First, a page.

A majority of the state gambling commission appeared ready Thursday to lift the freeze on commercial casino development in Southeastern Massachusetts, but ultimately decided to put off a vote that could radically change the development of the state’s fledgling gambling industry.
The five-member commission delayed its decision two weeks to allow for more public comment, a minor reprieve for the Mashpee Wampanoag, which is pursuing a tribal casino in Taunton and desperately wants to keep a commercial competitor out of the region.
But commercial developers eager to gain access to the southeast could take heart from the gambling panel’s long debate, in which commissioners James McHugh and Enrique Zuniga and chairman Stephen Crosby appeared ready to lift the freeze and entertain commercial casino applications in the region.
“There is a sense it is decision time,” said Crosby, pushing back against calls for another delay.
In the end, however, Crosby wanted to avoid a split vote on one of the biggest decisions the commission has faced since it was formed in early 2012 to guide the development of the casino industry in Massachusetts. He yielded to calls from commissioner Gayle Cameron for more public comment.
The five commissioners have been torn for months over what to do in the southeast.
The 2011 state casino law barred commercial casino developers from the southeast to give the Mashpee time to make progress on a tribal gambling business, which must be approved under a federal process mostly out of state control. Though the tribe claims it is making tremendous progress, skeptics say the Mashpee are years away from critical federal approvals, and may never overcome legal obstacles to having their land placed into federal trust to make it eligible to host tribal gambling. Some lawmakers in the region have urged the commission to lift the freeze and license a commercial casino in the region, to keep the southeast from falling behind the other two regions where casinos can be developed.
The five commissioners have been torn for months over what to do.
Waiting could cost the state money in lost gambling taxes and fees, and deny the region thousands of construction and casino jobs.
However, if the ban is lifted and the tribe ultimately overcomes its legal hurdles, it could eventually open a competing casino in the southeast that would not pay state taxes, and could glut the market.
Crosby read aloud a Thomas Jefferson quote about choosing between two risky options: “What is good in this case cannot be effected; we have, therefore, only to find out what will be least bad.”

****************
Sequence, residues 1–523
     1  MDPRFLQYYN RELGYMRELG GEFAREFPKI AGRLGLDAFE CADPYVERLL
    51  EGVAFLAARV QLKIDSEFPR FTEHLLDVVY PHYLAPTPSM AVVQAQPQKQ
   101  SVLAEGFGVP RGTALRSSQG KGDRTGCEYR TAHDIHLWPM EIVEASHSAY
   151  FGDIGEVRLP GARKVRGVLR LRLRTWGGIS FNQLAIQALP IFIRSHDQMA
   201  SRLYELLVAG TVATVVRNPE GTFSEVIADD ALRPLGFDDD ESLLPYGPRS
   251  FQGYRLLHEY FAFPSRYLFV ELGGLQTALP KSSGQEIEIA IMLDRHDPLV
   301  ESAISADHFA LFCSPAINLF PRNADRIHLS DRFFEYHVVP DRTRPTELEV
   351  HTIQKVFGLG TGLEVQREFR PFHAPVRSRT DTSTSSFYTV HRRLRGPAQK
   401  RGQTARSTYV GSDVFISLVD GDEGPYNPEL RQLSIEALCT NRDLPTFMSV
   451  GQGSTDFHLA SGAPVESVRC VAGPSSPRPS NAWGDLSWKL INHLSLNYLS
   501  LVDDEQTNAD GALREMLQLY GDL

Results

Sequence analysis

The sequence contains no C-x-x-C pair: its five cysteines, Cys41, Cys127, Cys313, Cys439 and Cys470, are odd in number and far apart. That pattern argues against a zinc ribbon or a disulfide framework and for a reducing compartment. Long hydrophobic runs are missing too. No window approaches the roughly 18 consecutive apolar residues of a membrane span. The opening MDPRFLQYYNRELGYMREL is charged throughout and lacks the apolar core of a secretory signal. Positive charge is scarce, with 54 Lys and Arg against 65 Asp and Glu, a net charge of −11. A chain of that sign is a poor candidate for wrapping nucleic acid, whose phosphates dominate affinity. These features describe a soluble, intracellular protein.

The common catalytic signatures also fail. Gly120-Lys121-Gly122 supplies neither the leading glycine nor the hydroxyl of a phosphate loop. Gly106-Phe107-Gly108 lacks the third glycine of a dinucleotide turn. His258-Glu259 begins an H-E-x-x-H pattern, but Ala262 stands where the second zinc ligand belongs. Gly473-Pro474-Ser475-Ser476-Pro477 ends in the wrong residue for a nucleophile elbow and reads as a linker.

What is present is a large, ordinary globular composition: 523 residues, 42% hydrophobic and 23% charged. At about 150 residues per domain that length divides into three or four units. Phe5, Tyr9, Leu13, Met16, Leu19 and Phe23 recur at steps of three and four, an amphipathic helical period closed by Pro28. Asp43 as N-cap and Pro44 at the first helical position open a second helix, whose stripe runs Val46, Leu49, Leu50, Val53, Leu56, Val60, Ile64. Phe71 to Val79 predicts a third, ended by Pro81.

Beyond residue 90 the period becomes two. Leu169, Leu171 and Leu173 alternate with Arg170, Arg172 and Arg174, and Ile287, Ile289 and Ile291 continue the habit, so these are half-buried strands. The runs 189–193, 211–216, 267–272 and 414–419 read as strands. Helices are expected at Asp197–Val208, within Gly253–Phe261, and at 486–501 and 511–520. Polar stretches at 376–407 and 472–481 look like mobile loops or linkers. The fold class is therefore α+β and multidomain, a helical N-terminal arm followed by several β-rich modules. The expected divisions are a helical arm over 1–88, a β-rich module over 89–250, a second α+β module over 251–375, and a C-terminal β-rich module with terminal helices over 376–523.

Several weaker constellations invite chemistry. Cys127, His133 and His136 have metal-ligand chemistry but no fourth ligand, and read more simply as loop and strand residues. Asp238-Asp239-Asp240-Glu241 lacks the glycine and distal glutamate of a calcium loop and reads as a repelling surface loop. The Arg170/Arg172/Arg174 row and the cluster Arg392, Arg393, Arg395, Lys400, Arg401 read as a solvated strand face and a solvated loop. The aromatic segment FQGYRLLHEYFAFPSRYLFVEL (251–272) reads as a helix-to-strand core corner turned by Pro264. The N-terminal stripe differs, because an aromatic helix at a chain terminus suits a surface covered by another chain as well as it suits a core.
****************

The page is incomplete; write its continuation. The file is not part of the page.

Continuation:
He said he has spoken with legislators and sees “little appetite” for more delay, and suggested the least bad option is to pursue commercial bids and hold a competition, as the commission is doing in the Greater Boston and in Western Massachusetts. Under this option, the southeast proposals would not only be evaluated against each other, but they would also have to prove they would be viable if the tribe were to someday open a casino in the region. The commission would be free not to issue the southeast commercial license, as it is in any region.
Howard M. Cooper, a lawyer for the tribe, said the commission debate, which obviously leaned toward lifting the freeze, was “highly disappointing.”
In what seems like a prelude to a lawsuit, the Mashpee maintain that the commission lacks the legal authority to open the southeast to commercial bidders, because of language in state law and in the agreement the tribe signed with Governor Deval Patrick, which spells out how a Taunton tribal casino would operate and what percentage of revenue would go to the state. Cooper insists that a clause in the agreement prohibits the commission from opening the southeast to commercial companies, unless the tribe is unable to get its land into federal trust.
“The [commission’s] failure to appreciate the government-to-government agreement between the Mashpee Wampanoag and the Commonwealth of Massachusetts is somewhat astonishing,” said Cooper.
The commission is confident it has the power to solicit private bids from commercial companies at its discretion.
If the commission allows commercial development, the dispute probably will be decided by a court.